I don’t think the impact of just how rapidly the world is changing hit me until today.
The realisation came with the news HMV is to close its doors, the latest in a string of casualties which have littered the high street since the credit crunch hit four years ago.
It's not just the latest to fall as shopping centres and precincts fill with empty and boarded up kiosks, but one of the biggest.
And although we could blame one of the severest recessions in history for our crumbling high streets, it’s not just tighter budgets and a lack of cash which is sending these iconic chains to the scrap heap.
Certainly in the case of HMV, one of the catalysts for its demise is that people don’t go into shops anymore, they buy everything online.
Many people shop on their PC and iPads rather than actually dragging themselves out of the house and into a real shop.
And it’s only now that the true, devastating impact of this growing cyber dependence is beginning to emerge.
When I was a child I used to love a trip to Oxford Street, and I have to say the highlight was rummaging around Virgin Megastores and HMV.
The rows of videos (before the days of DVD) and racks of vinyl records and picture discs would keep me occupied for hours.
I would browse each floor, rifling through records, films, tour programmes, books, t-shirts and bits of memorabilia which you couldn’t get anywhere else.
This was in the days before the internet, and there was no way of even getting a look at your favourite artist’s new album without physically going into the shop and handling it.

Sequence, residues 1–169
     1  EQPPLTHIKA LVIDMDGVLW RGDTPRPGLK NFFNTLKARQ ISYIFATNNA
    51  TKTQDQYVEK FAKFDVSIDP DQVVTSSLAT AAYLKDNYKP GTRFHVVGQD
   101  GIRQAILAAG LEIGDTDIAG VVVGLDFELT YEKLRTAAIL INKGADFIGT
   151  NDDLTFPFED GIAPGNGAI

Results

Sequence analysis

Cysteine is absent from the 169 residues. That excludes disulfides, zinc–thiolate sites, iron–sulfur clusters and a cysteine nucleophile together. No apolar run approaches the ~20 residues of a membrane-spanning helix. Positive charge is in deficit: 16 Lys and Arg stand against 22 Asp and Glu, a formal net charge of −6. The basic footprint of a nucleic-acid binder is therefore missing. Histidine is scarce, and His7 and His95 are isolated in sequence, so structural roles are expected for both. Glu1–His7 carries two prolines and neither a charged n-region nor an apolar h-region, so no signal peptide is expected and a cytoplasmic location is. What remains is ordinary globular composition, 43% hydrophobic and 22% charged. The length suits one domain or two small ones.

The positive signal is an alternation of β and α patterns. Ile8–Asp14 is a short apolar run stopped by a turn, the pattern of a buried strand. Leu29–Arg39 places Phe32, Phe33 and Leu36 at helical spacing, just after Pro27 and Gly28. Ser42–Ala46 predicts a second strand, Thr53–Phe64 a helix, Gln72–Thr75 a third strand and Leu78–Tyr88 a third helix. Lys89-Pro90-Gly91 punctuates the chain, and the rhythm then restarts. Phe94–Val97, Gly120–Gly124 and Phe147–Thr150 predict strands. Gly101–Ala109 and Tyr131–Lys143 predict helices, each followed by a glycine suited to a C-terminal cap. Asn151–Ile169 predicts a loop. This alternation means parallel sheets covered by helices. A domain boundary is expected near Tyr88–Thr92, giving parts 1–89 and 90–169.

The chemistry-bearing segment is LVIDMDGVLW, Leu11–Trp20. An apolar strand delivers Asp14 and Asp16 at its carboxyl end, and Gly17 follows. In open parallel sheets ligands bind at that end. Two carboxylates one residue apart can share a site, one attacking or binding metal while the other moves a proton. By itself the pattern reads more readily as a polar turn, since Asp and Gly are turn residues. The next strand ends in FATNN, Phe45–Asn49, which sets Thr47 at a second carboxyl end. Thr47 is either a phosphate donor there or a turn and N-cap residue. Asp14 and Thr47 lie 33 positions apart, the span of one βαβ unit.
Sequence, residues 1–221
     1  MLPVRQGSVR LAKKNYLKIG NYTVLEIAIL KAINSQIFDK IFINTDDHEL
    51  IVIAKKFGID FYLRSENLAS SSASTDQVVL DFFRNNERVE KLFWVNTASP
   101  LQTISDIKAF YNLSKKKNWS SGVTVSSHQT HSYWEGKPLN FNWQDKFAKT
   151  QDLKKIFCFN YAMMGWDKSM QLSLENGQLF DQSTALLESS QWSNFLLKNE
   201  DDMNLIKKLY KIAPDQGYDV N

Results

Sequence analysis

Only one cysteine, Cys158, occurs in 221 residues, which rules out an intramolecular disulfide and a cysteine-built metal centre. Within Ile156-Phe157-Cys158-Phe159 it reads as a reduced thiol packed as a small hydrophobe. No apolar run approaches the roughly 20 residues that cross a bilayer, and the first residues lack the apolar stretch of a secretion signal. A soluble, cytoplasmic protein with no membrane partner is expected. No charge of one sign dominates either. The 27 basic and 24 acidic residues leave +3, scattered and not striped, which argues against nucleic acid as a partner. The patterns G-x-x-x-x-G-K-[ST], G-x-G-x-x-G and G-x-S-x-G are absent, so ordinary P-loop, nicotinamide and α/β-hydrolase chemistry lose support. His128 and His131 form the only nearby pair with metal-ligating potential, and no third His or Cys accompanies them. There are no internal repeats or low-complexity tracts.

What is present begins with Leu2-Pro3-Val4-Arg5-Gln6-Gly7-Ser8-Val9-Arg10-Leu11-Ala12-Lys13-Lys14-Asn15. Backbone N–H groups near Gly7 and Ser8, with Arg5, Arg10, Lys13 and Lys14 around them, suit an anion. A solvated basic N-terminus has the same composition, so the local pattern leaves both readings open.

I would wait until Melody Maker or NME came out to see what Madonna’s latest offering had on the album sleeve, but there was nothing like finding it on the shelf in the shop and actually seeing it before going home with it inside a shiny plastic bag.
There was even the thrill when I was told it was not yet in stock of going back to finally get my hands on a copy the next week.
The task of getting that picture disc, DVD or record could take two weeks of effort – but it was so worth it in the end.
Those days are soon to be over – HMV will close its doors for the very last time if the administrators don’t find another buyer.
I am guilty of being seduced by the music download culture, and yes I buy DVDs from Amazon but only when they seem to be unavailable elsewhere.
The only reason I don’t buy physical CDs is it's so much cheaper to just download the one or two songs I like on iTunes rather than forking out £10 for a CD.
But I still love the thrill of browsing the film sections in record shops and coming away with an armful of £3 bargains.
And if HMV has failed to weather the cyber storm, what chance do less mighty outlets like Waterstones or W H Smiths have? And what else is there left to do on Oxford Street?
It really is a sad day, and the end of an era for anyone, like me, who grew up in the 80s and relied on music megastores to keep our record collections up to date.
I have charted my favourite singers’ careers through the shelves of Oxford Street’s HMV and Virgin.
In 1990, when Madonna released her Royal Box CD/DVD boxset, I was first in the queue when HMV opened the doors.
It was also after a trip to HMV that I caught my first glimpse of her 1992 controversial Sex book – everywhere else had sold out.
And any fan will know that a bit of polite crawling around a store worker can bag you the plinth they display CDs on – a real treasure for anyone who collects pop memorabilia.
What a grim world we face if the only joy we have is clicking on a mouse and waiting for our purchases to be delivered to the door.
Yes it is more convenient, but nothing beats the joy of coming home after a shopping trip laden down with bags filled with goodies.
RIP HMV – it was good while it lasted.